The team focused on red cedar trees because they are abundant, long-lived and a good recorder of environmental variability. Red cedar trees grow slowly and rely on surface soil moisture, which makes them sensitive to environmental change. Their abilities to live for centuries meant that researchers could analyze hundreds of years of tree rings, Nippert said.
The researchers analyzed the stable carbon isotopes within each tree ring as a recorder of physiological changes through time. Nippert's Stable Isotope Mass Spectrometry Laboratory at Kansas State University analyzed the samples. Researchers analyzed tree rings back to the early 1900s, when sulfur dioxide deposition throughout the Ohio River Valley began to increase.
By studying the stable isotopic signature in each tree ring, the researchers were able to compare the trees' growth patterns and changes in physiology to changes in atmospheric chemistry during the 20th century. Results showed that despite increased carbon dioxide -- which tends to increase plant growth -- tree growth and physiology declined for the majority of the 20th century when acidic pollution was high.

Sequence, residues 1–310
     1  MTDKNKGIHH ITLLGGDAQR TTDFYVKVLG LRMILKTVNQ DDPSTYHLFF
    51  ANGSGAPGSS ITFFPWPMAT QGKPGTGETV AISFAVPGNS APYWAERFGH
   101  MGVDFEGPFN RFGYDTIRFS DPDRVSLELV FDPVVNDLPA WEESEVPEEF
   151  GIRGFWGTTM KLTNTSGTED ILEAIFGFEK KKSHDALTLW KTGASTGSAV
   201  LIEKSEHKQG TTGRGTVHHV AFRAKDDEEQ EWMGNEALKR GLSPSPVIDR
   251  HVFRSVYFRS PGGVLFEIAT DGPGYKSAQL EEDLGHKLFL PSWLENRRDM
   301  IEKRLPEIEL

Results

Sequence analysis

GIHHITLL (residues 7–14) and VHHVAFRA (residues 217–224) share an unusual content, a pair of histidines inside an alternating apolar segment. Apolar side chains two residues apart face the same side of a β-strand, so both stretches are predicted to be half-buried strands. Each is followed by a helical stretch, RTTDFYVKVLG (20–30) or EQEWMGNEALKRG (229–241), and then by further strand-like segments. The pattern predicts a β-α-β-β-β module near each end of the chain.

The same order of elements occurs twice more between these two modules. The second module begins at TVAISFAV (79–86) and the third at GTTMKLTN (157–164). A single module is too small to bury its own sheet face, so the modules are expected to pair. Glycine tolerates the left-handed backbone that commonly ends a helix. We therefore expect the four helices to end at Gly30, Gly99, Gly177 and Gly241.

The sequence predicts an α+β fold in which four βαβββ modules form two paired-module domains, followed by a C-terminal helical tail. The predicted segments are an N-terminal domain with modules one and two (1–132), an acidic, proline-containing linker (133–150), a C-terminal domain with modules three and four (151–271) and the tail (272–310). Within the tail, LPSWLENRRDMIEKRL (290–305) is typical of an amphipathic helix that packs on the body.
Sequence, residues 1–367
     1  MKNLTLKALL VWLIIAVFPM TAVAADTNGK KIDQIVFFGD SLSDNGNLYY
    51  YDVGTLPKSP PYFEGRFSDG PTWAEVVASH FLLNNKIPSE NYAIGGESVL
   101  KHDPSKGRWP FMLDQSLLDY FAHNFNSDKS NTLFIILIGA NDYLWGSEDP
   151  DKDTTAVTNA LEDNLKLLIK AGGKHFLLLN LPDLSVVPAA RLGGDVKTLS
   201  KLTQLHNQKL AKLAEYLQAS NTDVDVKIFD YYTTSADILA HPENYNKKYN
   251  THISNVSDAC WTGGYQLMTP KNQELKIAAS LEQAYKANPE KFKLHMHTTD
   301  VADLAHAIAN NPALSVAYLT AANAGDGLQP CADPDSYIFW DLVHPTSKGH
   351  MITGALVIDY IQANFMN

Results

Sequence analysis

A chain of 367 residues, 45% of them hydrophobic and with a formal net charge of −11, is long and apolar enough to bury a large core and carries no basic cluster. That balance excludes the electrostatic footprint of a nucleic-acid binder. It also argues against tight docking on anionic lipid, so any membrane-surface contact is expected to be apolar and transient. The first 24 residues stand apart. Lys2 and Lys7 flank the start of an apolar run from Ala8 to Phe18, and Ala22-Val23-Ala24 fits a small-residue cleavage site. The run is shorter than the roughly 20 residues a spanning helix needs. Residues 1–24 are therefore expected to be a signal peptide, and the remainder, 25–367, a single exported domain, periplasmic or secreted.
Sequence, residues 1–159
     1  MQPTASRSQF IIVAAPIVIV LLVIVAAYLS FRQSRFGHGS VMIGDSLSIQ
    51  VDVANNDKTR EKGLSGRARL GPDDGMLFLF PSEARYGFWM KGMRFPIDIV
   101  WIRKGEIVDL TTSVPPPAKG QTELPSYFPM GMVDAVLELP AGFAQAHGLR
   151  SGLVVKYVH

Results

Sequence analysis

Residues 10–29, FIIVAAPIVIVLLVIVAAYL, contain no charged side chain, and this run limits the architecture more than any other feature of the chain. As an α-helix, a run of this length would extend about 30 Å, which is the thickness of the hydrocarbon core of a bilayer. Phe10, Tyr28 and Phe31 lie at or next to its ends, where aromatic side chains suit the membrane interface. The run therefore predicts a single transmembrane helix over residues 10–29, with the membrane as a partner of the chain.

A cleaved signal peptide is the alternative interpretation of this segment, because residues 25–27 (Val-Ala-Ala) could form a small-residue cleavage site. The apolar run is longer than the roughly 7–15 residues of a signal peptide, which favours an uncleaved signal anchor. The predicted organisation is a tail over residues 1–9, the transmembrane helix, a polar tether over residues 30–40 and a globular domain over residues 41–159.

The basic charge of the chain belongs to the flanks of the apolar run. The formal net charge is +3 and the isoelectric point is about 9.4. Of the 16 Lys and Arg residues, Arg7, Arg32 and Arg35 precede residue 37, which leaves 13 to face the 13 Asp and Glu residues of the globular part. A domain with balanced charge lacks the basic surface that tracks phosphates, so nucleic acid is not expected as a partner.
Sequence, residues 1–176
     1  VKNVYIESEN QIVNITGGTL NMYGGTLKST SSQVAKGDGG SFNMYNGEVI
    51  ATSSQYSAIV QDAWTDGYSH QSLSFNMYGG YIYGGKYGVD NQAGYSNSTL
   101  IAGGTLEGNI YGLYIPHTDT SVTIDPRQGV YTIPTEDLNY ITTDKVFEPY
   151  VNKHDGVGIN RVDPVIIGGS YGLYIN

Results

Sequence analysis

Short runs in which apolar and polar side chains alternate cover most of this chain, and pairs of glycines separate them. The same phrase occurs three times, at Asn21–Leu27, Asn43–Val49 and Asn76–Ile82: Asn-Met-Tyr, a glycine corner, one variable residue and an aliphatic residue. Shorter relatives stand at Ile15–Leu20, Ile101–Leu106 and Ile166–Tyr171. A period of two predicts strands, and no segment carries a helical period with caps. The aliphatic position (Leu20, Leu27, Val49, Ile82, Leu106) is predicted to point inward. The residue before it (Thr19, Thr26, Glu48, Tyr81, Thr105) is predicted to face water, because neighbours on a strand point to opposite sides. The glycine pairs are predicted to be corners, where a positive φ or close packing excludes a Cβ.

But scientists noticed a dramatic change around 1980, 10 years after the Clean Air Act was enacted.
"Our data clearly shows a break point in 1982, where the entire growth patterns of the trees in this forest started on a different trajectory," Nippert said. "It took 10 years for that landmark environmental legislation to reduce sulfur dioxide emissions, but it eventually did. When it did, we saw an entire ecosystem recover from years of acidic pollution."
Another interesting finding from the tree ring analysis: Results from the Great Depression era in the 1930s were very similar to the results from post-1980. Because of the suppressed economy during the Great Depression, coal power plants were less productive and the Ohio River Va
|Contact: Jesse Nippert|
Kansas State University